American Quarter Horse
The American Quarter is a race horse, pleasure horse, and cow horse (or a horse that is able to round up cattle) all wrapped into one. Once thought of as an exclusive short-distance racer, it has proven itself through the years as both multitalented and dependable.
The American Quarter Horse has a muscular neck, deep chest, sloping shoulders, and a relatively small head with wide eyes and pointed ears (which are always alert). Its legs are muscular and firm; however, the horse's feet have been described as too small for the animal's size. Because of this, the Quarter Horse -- standing between 14.3 and 16 hands high -- is said to look rather chunky. (A hand is a common unit of measurement for horses that is equal to four inches.)
The most common color for the Quarter Horse is sorrel (or chestnut). And although the Appaloosa and Pinto markings are not acceptable for the breed standard, it is quite normal to see white markings on the Quarter Horse's face or legs.
History and Background
The American Quarter Horse breed is among America’s most popular and oldest breeds. In the 1600s, American colonials began to cross English Thoroughbred horses with "native" horses such as the Chickasaw, a breed developed and propagated by the Chickasaw Indians. One of the most famous examples of crossbreeding involved Janus, a Thoroughbred and grandson to Godolphin Arabian, one of the founding stallions of the modern Thoroughbred bloodstock. Janus was brought to Virginia in 1752 and his breeding resulted in a smaller, more robust and agile American Quarter Horse. (Interestingly, Thoroughbreds are still used today to improve Quarter Horse's stock and running ability.)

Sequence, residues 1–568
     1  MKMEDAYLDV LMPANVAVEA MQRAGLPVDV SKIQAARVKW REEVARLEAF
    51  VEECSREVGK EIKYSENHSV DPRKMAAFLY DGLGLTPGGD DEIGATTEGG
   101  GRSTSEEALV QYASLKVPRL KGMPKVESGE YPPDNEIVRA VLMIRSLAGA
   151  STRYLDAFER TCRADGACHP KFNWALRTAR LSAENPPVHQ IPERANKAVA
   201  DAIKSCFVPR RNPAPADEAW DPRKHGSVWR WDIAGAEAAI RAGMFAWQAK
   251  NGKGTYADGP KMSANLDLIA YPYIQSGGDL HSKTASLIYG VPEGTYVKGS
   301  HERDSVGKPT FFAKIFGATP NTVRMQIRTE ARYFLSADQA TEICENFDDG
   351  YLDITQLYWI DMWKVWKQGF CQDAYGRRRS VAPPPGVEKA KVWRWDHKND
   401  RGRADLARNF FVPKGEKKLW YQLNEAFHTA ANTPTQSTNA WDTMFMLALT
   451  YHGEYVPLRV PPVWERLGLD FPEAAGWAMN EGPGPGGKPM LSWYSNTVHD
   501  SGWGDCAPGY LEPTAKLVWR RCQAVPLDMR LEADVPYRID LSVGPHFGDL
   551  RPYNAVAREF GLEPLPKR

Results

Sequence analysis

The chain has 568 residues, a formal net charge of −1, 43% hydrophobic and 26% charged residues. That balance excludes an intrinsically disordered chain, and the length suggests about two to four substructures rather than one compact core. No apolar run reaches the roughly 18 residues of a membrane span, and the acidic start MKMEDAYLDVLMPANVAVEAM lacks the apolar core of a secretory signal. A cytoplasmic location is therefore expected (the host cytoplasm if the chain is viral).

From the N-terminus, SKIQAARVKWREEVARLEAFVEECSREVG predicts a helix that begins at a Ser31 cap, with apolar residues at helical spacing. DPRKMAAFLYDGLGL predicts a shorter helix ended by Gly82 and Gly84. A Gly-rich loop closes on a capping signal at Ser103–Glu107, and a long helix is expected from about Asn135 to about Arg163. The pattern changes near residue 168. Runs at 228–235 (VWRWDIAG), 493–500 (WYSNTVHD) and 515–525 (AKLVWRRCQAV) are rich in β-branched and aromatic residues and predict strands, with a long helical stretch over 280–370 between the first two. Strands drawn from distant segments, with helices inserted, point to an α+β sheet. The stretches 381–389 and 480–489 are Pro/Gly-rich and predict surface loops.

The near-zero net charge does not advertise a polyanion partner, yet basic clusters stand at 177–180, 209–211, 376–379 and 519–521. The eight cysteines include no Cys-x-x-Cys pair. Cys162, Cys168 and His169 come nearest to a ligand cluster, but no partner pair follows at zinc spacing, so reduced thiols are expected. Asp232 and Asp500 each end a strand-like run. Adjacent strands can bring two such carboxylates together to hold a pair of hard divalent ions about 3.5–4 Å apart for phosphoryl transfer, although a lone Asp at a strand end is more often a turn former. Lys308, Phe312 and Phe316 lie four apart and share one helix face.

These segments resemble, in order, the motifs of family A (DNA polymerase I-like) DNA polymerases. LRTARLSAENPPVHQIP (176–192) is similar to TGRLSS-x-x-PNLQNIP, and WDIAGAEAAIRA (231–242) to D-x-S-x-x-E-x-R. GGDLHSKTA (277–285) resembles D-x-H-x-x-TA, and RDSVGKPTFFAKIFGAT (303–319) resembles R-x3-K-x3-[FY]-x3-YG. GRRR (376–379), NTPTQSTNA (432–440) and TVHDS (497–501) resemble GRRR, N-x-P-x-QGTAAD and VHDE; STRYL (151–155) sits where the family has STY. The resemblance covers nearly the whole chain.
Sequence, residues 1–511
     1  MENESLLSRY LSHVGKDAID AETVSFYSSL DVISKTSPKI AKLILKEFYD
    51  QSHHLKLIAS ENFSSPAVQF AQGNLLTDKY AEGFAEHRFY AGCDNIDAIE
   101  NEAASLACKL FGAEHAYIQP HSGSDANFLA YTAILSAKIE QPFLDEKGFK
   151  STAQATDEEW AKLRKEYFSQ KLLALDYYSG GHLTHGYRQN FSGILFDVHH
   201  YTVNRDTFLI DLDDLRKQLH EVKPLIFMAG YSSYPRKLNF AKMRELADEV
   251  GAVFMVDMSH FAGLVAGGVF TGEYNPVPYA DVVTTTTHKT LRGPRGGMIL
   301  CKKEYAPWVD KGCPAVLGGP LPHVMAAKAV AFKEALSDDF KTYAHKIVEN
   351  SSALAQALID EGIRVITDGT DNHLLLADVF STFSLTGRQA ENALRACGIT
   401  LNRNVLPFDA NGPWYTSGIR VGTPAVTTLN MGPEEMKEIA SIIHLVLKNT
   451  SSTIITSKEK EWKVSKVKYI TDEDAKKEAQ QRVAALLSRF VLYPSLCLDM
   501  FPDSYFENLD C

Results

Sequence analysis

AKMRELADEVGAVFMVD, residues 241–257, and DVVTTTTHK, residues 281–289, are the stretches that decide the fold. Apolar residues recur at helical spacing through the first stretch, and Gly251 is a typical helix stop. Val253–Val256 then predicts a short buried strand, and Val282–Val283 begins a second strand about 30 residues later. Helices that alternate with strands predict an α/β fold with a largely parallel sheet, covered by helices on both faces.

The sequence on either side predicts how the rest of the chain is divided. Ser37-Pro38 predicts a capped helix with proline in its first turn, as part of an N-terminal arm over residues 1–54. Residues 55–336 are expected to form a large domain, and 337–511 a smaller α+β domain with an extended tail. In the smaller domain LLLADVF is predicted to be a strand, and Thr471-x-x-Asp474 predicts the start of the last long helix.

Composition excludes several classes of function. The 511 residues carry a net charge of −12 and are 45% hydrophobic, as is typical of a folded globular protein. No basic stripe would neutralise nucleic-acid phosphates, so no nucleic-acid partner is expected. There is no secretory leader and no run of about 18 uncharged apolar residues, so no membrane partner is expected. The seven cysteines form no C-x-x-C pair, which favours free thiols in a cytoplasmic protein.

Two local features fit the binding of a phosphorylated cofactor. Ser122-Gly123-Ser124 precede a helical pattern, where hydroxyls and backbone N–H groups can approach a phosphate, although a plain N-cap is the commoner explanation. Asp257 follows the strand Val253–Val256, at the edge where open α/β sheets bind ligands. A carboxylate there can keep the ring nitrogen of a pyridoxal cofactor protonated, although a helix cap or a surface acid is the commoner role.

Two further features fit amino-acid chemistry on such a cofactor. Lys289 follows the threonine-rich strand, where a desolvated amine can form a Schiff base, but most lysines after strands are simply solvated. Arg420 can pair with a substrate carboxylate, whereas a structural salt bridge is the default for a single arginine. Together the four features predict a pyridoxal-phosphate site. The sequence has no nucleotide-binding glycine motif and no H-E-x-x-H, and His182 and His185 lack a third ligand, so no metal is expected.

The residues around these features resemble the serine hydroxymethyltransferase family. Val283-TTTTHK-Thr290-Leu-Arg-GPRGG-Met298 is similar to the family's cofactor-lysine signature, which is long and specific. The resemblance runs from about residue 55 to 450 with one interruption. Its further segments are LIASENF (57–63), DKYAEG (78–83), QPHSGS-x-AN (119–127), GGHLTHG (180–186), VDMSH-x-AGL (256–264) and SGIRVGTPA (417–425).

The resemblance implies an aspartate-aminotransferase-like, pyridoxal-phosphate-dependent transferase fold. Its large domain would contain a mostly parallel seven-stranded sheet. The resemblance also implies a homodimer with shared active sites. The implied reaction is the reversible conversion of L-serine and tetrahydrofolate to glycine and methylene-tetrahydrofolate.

The American Quarter Horse would later become very popular in races, especially as it beat pure Thoroughbreds in short races, such as the quarter mile. Its predominance in quarter-mile races is actually the reason why it is called the Quarter Horse.
However, the breed would reach a low point in the early 1800s. While its ability to win short-distance races remained undisputed, the American Quarter horse lost favor due to its inferior stamina, which made it unsuitable for long-distance racing. As the Thoroughbred regained its place as the American racehorse, Quarter Horse owners would learn an undiscovered talent for the breed -- its ability as a cow horse. Not only was it able to work with cattle and pull wagons, but it was able to carry people over long distances. This resurrected its usefulness, especially for pioneers looking to head West.
The American Quarter Horse is best known today as a show horse, rodeo horse, and race horse, but is still considered a great all-around breed -- just as likely to round up your cattle as it is to win you a large purse in a quarter-mile race.
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